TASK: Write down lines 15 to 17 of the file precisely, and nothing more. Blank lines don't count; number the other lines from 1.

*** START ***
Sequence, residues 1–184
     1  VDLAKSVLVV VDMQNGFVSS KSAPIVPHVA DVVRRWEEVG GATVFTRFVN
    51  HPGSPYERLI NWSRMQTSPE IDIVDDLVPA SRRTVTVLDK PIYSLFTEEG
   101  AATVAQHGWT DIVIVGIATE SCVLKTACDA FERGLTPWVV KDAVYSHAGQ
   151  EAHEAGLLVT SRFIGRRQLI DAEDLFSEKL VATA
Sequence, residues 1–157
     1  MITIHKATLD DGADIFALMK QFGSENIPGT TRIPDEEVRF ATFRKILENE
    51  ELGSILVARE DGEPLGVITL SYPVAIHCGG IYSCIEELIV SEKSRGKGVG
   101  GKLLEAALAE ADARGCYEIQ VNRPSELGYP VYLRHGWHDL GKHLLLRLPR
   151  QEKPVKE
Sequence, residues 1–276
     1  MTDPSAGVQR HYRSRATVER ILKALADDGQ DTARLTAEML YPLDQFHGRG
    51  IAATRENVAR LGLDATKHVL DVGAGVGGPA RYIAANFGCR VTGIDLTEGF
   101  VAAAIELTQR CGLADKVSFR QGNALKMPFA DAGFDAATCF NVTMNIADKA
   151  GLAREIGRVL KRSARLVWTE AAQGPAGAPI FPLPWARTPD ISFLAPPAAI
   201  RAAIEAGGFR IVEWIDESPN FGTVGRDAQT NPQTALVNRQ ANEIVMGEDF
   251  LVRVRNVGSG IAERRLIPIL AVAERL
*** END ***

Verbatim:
   151  GLAREIGRVL KRSARLVWTE AAQGPAGAPI FPLPWARTPD ISFLAPPAAI
   201  RAAIEAGGFR IVEWIDESPN FGTVGRDAQT NPQTALVNRQ ANEIVMGEDF
   251  LVRVRNVGSG IAERRLIPIL AVAERL